Van Der Spoel D, Lindahl E, Hess B, Groenhof G, Mark AE, Berendsen HJ. GROMACS: Fast, flexible, and free. J Comput Chem 2005; 26(16): 1701-1718. Doi: 10.1002/jcc.20291.  Back to cited text no. 18
Schüttelkopf AW, Van Aalten DM. PRODRG: A tool for high-throughput crystallography of protein–ligand complexes. Acta Crystallogr D Biol Crystallogr 2004; 60(8): 1355-1363. Doi: 10.1107/S0907444904011679.  Back to cited text no. 19
Abraham MJ, Gready JE. Optimization of parameters for molecular dynamics simulation using smooth particle-mesh Ewald in GROMACS 4.5. J Comput Chem 2011; 32(9): 2031-2040. Doi: 10.1002/jcc.21773.  Back to cited text no. 20
Hess B, Bekker H, Berendsen HJ, Fraaije JG. LINCS: A linear constraint solver for molecular simulations. J Comput Chem 1997; 18(12): 1463-1472.  Back to cited text no. 21
Berendsen HJ, van der Spoel D, van Drunen R. GROMACS: A message-passing parallel molecular dynamics implementation. Comput Phys Comm 1995; 91(1-3): 43-56. Doi: 10.1016/0010-4655(95)00042-E.  Back to cited text no. 22
Kumari R, Kumar R, Open Source Drug Discovery Consortium, Lynn A. g_mmpbsa— A GROMACS tool for high-throughput MM-PBSA calculations. J Chem Inf Model 2014; 54(7): 1951-1962. Doi: 10.1021/ ci500020m.  Back to cited text no. 23
Banerjee P, Eckert AO, Schrey AK, Preissner R. ProTox-II: A webserver for the prediction of toxicity of chemicals. Nucleic Acids Res 2018; 46(W1): W257-W263. Doi: 10.1093/nar/gky318.  Back to cited text no. 24
Zoete V, Daina A, Bovigny C, Michielin O. SwissSimilarity: A web tool for low to ultra high throughput ligand-based virtual screening. J Chem Inf Model 2016; 56(8):1399-1404. Doi: 10.1021/acs.jcim.6b00174.  Back to cited text no. 25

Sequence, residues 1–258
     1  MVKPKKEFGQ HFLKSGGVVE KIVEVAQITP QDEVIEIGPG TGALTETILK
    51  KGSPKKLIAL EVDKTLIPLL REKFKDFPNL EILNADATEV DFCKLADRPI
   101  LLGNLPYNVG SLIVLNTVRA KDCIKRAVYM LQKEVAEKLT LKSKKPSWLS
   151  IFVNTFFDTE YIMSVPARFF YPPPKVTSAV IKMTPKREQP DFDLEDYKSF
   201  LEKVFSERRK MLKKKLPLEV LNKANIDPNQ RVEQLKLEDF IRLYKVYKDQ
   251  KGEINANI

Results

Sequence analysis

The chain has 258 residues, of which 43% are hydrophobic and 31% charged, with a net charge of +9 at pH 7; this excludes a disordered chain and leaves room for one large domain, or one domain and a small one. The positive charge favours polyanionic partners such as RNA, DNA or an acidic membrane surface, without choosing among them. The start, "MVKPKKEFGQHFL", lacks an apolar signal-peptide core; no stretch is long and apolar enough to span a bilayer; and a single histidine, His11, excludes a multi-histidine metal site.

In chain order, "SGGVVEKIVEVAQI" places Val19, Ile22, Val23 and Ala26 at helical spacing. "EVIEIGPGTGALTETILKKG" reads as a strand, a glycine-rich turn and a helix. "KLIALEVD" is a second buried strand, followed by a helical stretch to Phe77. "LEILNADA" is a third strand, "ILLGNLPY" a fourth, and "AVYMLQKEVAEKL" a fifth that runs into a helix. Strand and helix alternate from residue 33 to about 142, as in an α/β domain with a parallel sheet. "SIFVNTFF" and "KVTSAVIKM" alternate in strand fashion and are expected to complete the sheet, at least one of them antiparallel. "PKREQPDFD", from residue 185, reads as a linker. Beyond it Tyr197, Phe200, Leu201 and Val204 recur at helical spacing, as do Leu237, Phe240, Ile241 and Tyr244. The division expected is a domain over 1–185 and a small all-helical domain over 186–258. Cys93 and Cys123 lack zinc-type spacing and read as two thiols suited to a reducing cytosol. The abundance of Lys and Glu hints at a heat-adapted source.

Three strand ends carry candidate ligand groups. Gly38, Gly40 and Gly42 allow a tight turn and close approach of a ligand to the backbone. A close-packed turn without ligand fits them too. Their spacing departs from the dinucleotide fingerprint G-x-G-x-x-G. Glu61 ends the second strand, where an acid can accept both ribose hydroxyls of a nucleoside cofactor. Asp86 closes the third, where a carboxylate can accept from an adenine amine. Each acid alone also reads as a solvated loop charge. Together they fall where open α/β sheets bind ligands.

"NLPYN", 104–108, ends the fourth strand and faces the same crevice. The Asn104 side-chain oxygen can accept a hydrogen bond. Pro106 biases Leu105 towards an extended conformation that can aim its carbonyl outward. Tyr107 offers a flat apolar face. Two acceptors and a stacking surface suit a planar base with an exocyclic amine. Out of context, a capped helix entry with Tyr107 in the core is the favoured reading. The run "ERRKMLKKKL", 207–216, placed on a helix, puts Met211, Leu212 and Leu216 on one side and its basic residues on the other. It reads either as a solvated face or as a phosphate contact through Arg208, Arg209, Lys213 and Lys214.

Jo S, Kim S, Shin DH, Kim MS. Inhibition of SARS-CoV 3CL protease by flavonoids. J Enzyme Inhib Med Chem 2020; 35(1): 145-151. Doi: 10.1080/14756366.2019.1690480.  Back to cited text no. 26
Israr M, Mitchell D, Alam S, Dinello D, Kishel JJ, Meyers C. The HIV protease inhibitor lopinavir/ritonavir (Kaletra) alters the growth, differentiation and proliferation of primary gingival epithelium. HIV Med 2011; 12(3): 145-156. Doi: 10.1111/j.1468-1293.2010.00863.x.  Back to cited text no. 27
Li F, Song X, Su G, Wang Y, Wang Z, Jia J, et al. Amentoflavone inhibits HSV-1 and ACV-resistant strain infection by suppressing viral early infection. Viruses 2019; 11(5): 466. Doi: 10.3390/v11050466.  Back to cited text no. 28
Gill NS, Kaur N, Arora R. An overview on: Murraya paniculata Linn. Int J Inst Pharm Life Sci 2014; 4: 2249-6807.  Back to cited text no. 29
Wu M, Zhang Q, Yi D, Wu T, Chen H, Guo S, et al. Quantitative proteomic analysis reveals antiviral and anti-inflammatory effects of puerarin in piglets infected with porcine epidemic diarrhea virus. Front Immunol 2020; 11: 169. Doi: 10.3389/fimmu.2020.00169.  Back to cited text no. 30
Nag A, Chowdhury RR. Piperine, an alkaloid of black pepper seeds can effectively inhibit the antiviral enzymes of Dengue and Ebola viruses, an in silico molecular docking study. Virus Dis 2020; 31(3): 308-315. Doi: 10.1007/s13337-020-00619-6.  Back to cited text no. 31
Mokhtari K, Rufino-Palomares EE, Pérez-Jiménez A, Reyes-Zurita FJ, Figuera C, García-Salguero L, et al. Maslinic acid, a triterpene from olive, affects the antioxidant and mitochondrial status of B16F10 melanoma cells grown under stressful conditions. Evid Based Complementary Altern Med 2015; 2015: 272457. Doi: 10.1155/2015/272457.  Back to cited text no. 32